As artists, we constantly dream up new ideas for designs we can add to our surface design portfolio. And that’s important for a number of reasons: to develop your art style, to improve your sketching or illustration skills, and to increase the amount of artwork you have to show potential clients.
But when designers think about their portfolio and how to actually make money from it when pitching their art to companies, many only consider royalties. However, there are several other ways you can leverage your portfolio to gain income. So first, let’s discuss art licensing…
What is art licensing?
Licensing is when you loan your artwork to a company in exchange for compensation. You keep the copyright of your artwork (unless it’s a buyout – see below) and are able to license the same design out again to different companies as long as there’s no overlap in contract terms.
Each licensing agreement will have its own unique terms, but it is important that every license be limited in one or more ways – and for you as the artist, the more narrow you can set the terms, the better.
What does copyright mean?
Copyright is the legal right of the owner of intellectual property (aka. your artwork). Now every country has its own copyright laws, but your artwork is legally yours once you created it, and only you have the exclusive right to reproduce it.
Ok, so now that we have some basic definitions covered, let’s talk about the 3 options you have with your art licensing portfolio:
Flat Fee License
When a company licenses your artwork and pays you a one-time fee upfront after the licensing contract is signed.
When a company licenses your artwork and you receive a percentage of sales of all products sold with your art, paid out in regular intervals. The most common intervals are monthly or quarterly, however, I have on occasion seen twice a year royalties.
When a company purchases your art and gains ALL rights to it, including it’s copyright. You would no longer have any claim to the artwork or have any say in how the company uses it.
A lot of surface designers don’t consider them, but I don’t always see them as a bad thing. In fact, buyouts can be incredibly helpful for your surface design income because since you lose all rights, they always command the highest price.
Ok, so those are the 3 ways you can directly use the artwork in your surface design portfolio to make money, but there’s another way you can indirectly leverage that same artwork to gain income…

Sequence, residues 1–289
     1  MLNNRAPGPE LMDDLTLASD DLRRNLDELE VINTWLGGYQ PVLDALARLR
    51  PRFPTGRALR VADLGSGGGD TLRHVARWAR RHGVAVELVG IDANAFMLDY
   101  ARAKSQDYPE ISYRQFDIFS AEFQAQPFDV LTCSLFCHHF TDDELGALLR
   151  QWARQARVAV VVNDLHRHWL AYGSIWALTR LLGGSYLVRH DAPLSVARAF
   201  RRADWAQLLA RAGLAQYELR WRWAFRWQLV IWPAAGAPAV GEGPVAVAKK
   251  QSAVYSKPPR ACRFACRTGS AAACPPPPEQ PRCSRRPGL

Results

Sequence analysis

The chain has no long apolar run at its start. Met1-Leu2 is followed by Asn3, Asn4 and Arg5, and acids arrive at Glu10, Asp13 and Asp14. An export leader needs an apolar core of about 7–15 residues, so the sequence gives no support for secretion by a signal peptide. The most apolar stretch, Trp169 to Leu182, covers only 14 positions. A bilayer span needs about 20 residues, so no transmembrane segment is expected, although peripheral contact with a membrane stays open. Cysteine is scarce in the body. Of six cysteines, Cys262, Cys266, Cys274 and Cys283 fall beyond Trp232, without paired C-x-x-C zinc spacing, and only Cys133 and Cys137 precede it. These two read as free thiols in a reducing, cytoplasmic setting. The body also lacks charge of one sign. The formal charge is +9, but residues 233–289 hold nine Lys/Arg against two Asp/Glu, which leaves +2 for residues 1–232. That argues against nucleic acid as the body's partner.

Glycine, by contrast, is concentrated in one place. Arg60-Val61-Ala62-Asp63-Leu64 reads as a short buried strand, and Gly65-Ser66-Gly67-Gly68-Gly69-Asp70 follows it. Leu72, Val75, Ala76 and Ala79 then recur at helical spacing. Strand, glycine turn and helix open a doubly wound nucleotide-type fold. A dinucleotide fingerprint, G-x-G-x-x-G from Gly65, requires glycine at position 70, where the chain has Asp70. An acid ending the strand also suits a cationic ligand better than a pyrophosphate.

Freelance Projects (aka. Work for Hire)
Some artists may think that “work for hire” is a dirty phrase, but I’ve personally found freelance work to be an incredibly rewarding AND lucrative part of surface design for me. In fact, in my first 3 years as a full-time surface pattern designer, about 40-50% of my overall design income came from commissioned freelance projects.
Freelance work is when a company will hire you to make artwork exclusively for them which means you don’t own the copyright of the designs you create for the project (although I’ve had a few where the copyright transferred back to me after a certain period of time).
And you find freelance jobs just like you do with art licensing – you pitch your art directly to companies. That’s why your surface design portfolio is important because you need to show them the kind of art you create so they can see if you’re a good match for them – it’s just like how you’d use a portfolio as an illustrator or graphic designer.
Now one question I frequently get asked by my Pitch Your Portfolio students is when you approach a company, how do you know HOW they like to work with artists?
The simple answer is… you don’t!
And that’s why it’s incredibly important as a surface pattern designer (especially if you’re new to the industry) to stay flexible and keep your mind open to all options because it makes it much easier to work with companies if you’re willing to do more than just royalties.
So what do you think? Which income options do you want to leverage for your surface design portfolio? Feel free to tell me in the comments below.
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thanks for this post. I’m wondering how you go about finding companies that want to work with freelancers? How do you know what companies to pitch to for freelance work, or should you just keep an open mind if a company you pitch to offers that?
Jenn – You find them the same way you do when looking for companies to license your art and most times there’s no way to know how they work with artists without reaching out and asking them 🙂
I am very interested in what you have to say more about SPD 🙂 I’m restarting my drawing days and get into it. I’d love to focus also on tribal patterns. Not American Indian patterns necessarily.